Animal models of fear-related behaviors have been pursued as one strategy to explore the biologic and genetic basis of human ADs (13). One linkage study targeting regions implicated in rodent anxiety quantitative trait locus (QTL) studies (14) and several association studies (e.g., (15)) have taken this approach. Given the limited evidence supporting the set of candidate genes thus far examined for their putative role in AD susceptibility and the large number of potential candidates in the genome, integration across multiple, complementary sources of data are crucial to identifying the genes involved in these conditions. As yet, there have been no attempts to systematically combine genomewide rodent and human data to select a set of candidate susceptibility genes for testing in a powerful human sample.
The aims of this study are to (1) identify a set of candidate genes associated with fear-related behaviors in mice, (2) rank these using independent human and mouse data, and (3) confirm the association of the top candidates with human anxiety-spectrum disorders in a large twin sample.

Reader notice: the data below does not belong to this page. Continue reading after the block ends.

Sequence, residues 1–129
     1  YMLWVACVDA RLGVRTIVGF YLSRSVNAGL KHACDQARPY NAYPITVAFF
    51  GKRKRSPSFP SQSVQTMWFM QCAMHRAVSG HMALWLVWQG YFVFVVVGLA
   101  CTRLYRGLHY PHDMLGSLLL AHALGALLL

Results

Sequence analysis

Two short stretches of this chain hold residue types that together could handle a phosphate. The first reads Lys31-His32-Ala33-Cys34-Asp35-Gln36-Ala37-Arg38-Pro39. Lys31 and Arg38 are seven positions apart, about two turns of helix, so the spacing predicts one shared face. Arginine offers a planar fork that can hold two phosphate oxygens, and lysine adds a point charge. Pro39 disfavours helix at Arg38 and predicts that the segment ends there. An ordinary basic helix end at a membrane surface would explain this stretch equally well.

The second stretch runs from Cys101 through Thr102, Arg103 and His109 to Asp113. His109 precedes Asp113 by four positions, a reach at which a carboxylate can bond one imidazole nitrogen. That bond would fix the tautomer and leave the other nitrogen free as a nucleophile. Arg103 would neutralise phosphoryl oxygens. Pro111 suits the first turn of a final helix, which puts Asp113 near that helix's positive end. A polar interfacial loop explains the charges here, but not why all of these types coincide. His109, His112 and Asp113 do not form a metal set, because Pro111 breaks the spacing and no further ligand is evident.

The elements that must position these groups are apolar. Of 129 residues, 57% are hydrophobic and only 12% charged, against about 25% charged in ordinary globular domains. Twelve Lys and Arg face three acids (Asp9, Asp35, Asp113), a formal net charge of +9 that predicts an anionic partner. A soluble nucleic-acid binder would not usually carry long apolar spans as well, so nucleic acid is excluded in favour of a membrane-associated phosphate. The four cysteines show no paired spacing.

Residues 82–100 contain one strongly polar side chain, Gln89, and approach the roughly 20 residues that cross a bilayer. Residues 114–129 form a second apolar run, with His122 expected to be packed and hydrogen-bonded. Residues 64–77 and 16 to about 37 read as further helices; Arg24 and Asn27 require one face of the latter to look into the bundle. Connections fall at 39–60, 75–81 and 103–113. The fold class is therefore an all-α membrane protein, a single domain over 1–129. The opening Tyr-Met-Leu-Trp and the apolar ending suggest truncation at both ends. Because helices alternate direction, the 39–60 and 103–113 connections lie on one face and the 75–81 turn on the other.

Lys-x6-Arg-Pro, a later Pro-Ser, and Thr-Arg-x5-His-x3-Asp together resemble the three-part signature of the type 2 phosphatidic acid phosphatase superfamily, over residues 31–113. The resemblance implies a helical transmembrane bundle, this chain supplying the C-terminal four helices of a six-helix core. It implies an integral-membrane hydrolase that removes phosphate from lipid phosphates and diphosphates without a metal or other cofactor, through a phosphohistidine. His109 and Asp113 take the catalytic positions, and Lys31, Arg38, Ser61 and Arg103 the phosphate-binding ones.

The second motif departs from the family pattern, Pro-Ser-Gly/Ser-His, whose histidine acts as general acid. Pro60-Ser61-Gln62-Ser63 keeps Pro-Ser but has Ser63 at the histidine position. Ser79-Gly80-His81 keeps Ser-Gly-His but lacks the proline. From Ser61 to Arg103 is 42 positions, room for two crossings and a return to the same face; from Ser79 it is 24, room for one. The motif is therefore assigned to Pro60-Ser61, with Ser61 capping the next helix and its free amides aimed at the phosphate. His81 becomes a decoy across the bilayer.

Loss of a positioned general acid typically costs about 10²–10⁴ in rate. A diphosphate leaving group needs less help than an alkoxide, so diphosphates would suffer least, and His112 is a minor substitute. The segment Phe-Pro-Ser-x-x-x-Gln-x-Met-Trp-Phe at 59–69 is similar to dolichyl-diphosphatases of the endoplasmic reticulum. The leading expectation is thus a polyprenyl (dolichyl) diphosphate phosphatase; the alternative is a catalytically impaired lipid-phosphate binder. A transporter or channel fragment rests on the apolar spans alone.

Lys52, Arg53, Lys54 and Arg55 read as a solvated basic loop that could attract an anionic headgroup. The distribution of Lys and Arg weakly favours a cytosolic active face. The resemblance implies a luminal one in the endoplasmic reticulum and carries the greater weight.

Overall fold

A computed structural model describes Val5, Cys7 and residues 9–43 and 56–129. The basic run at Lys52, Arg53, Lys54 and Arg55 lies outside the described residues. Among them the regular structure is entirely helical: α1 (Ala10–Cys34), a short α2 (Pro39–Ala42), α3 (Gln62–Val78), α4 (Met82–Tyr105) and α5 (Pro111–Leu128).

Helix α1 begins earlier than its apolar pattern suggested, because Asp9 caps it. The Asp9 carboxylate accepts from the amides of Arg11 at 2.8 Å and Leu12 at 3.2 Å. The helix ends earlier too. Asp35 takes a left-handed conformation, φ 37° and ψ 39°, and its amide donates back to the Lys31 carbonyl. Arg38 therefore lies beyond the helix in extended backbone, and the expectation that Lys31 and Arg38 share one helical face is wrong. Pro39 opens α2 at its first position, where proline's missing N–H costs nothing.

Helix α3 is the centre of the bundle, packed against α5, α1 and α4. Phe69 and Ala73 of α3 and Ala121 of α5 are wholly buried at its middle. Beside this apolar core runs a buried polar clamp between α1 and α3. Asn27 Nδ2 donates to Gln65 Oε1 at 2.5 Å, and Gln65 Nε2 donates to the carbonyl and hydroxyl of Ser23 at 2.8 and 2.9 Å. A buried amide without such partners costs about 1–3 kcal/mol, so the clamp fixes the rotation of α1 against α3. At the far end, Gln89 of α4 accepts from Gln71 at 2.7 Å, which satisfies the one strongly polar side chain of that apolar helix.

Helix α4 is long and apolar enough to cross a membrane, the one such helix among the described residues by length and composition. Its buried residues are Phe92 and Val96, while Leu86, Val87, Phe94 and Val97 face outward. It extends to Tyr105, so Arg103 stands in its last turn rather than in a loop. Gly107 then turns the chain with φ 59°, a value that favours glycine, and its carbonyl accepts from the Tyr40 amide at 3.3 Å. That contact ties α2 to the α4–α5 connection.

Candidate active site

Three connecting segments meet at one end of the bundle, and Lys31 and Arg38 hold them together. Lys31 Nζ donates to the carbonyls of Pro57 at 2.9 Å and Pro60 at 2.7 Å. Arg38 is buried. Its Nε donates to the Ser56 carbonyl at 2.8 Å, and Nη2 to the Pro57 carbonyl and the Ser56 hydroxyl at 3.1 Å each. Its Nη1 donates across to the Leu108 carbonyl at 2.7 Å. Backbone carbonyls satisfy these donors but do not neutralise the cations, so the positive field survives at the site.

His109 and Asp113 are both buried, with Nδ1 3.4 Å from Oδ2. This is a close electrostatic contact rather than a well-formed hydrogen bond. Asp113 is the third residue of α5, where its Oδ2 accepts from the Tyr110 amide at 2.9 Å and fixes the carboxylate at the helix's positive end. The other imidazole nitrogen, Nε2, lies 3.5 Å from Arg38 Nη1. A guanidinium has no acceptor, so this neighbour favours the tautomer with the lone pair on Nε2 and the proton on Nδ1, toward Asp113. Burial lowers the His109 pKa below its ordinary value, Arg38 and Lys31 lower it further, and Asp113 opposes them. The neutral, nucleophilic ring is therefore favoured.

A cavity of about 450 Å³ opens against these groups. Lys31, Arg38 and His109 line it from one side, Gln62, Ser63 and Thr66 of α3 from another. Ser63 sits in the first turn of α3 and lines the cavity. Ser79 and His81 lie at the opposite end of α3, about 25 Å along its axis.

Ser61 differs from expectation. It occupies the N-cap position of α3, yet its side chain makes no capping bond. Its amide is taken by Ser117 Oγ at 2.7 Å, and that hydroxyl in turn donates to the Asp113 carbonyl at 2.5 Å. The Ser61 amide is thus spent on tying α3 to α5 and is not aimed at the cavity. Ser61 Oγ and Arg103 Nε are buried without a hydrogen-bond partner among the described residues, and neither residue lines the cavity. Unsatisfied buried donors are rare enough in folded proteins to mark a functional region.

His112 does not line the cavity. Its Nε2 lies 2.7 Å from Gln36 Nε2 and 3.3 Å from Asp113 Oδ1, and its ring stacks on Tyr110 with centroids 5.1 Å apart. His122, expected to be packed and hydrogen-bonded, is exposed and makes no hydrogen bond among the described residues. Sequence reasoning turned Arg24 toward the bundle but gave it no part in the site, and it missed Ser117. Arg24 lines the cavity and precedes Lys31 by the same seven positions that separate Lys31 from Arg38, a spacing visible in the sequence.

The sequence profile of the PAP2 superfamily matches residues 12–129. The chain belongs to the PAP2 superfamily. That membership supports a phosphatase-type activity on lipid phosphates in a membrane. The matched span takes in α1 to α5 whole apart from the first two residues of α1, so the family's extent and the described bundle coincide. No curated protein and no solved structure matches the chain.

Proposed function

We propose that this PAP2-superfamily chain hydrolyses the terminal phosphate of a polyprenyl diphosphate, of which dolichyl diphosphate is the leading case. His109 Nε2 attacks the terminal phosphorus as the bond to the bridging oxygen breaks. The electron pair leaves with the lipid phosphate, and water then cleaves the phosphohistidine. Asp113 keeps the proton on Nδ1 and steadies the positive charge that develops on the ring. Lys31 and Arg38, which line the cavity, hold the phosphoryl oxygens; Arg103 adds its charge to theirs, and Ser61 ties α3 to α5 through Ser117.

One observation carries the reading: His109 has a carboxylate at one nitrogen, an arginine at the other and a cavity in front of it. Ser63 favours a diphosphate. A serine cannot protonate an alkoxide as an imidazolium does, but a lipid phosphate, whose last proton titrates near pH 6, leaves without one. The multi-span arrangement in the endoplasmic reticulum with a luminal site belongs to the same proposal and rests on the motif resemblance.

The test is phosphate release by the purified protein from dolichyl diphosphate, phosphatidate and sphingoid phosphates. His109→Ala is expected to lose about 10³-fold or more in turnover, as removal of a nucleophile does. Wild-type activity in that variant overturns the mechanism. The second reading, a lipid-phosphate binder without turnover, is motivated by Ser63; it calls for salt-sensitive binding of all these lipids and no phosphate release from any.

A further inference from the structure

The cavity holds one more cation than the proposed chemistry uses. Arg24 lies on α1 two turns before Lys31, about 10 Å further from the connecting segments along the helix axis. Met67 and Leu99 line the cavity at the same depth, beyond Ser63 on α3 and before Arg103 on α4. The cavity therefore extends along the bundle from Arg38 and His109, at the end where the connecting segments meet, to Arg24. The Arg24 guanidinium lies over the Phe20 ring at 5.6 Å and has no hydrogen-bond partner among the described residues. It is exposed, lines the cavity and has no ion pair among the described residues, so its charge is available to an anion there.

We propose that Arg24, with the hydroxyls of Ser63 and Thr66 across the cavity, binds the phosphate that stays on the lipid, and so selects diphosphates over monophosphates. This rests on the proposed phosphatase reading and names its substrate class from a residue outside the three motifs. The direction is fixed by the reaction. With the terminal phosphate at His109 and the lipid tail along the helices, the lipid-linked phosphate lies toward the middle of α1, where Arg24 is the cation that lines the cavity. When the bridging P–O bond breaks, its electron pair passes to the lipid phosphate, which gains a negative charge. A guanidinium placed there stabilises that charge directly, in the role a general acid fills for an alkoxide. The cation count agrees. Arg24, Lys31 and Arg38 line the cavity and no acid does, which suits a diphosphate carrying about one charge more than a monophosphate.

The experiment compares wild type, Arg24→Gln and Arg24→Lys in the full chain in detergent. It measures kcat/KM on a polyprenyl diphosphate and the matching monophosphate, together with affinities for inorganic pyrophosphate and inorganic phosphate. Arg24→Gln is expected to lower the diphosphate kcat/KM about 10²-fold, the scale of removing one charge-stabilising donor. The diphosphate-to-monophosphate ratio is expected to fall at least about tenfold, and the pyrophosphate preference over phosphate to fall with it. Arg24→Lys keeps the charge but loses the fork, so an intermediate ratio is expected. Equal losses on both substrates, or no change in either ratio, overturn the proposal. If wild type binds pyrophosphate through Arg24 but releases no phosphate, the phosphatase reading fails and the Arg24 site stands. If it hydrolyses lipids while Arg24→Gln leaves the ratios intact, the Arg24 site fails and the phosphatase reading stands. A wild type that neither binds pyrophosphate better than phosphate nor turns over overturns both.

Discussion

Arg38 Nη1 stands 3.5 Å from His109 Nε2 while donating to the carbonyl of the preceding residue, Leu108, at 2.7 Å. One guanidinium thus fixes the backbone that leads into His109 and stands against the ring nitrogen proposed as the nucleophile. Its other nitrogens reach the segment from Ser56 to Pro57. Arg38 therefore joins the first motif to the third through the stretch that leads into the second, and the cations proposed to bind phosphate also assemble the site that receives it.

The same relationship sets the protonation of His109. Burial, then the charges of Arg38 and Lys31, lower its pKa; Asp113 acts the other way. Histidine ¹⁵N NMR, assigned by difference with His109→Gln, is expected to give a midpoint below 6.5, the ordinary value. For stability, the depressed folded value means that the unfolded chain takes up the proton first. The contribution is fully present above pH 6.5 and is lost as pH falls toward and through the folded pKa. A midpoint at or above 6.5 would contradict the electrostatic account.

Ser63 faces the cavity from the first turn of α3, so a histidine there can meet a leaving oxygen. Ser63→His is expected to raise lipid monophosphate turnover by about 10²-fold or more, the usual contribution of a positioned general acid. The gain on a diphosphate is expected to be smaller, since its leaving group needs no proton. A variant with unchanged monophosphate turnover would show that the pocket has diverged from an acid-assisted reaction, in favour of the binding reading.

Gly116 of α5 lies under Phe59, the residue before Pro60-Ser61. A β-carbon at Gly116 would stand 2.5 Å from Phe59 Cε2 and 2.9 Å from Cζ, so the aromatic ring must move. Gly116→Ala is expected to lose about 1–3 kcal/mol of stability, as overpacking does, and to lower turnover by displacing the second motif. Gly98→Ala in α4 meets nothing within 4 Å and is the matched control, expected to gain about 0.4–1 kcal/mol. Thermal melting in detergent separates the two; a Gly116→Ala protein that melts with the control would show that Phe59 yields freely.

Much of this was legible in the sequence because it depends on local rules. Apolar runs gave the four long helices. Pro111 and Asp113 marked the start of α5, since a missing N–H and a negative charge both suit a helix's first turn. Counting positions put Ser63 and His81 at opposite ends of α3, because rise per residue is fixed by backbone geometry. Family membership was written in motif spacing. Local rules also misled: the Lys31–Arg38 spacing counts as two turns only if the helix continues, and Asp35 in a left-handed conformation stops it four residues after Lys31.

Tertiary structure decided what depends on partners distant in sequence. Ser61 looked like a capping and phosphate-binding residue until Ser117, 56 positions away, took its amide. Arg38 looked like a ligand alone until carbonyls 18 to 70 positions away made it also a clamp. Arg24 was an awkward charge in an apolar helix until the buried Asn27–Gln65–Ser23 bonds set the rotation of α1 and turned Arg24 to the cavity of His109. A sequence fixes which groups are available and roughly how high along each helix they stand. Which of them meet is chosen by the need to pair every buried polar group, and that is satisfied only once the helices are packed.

We employed gene identification, data integration, and data analysis procedures to accomplish the three proposed aims of the study, as illustrated in Figure 1 and summarized below.
We began with a set of genes derived from a GWAS of a large array of phenotypes measured in mice we conducted previously (16). That study exploited historical recombinants that have accumulated in genetically heterogeneous stock (HS) mice descended from eight inbred progenitor strains for high-resolution mapping of small-effect QTLs (17). The HS chromosomes are fine-grained mosaics of the progenitor haplotypes and capture most of the genetic variability in the founders. Anxiety-related phenotypic data of relevance for the current study included measures of open field activity, elevated plus maze activity, food hyponeophagia, startle, and contextual and cued freezing. The study obtained genotypes for 13,459 markers (mean interval 204.4 Kb) on 1,904 phenotyped mice and 298 parents. Using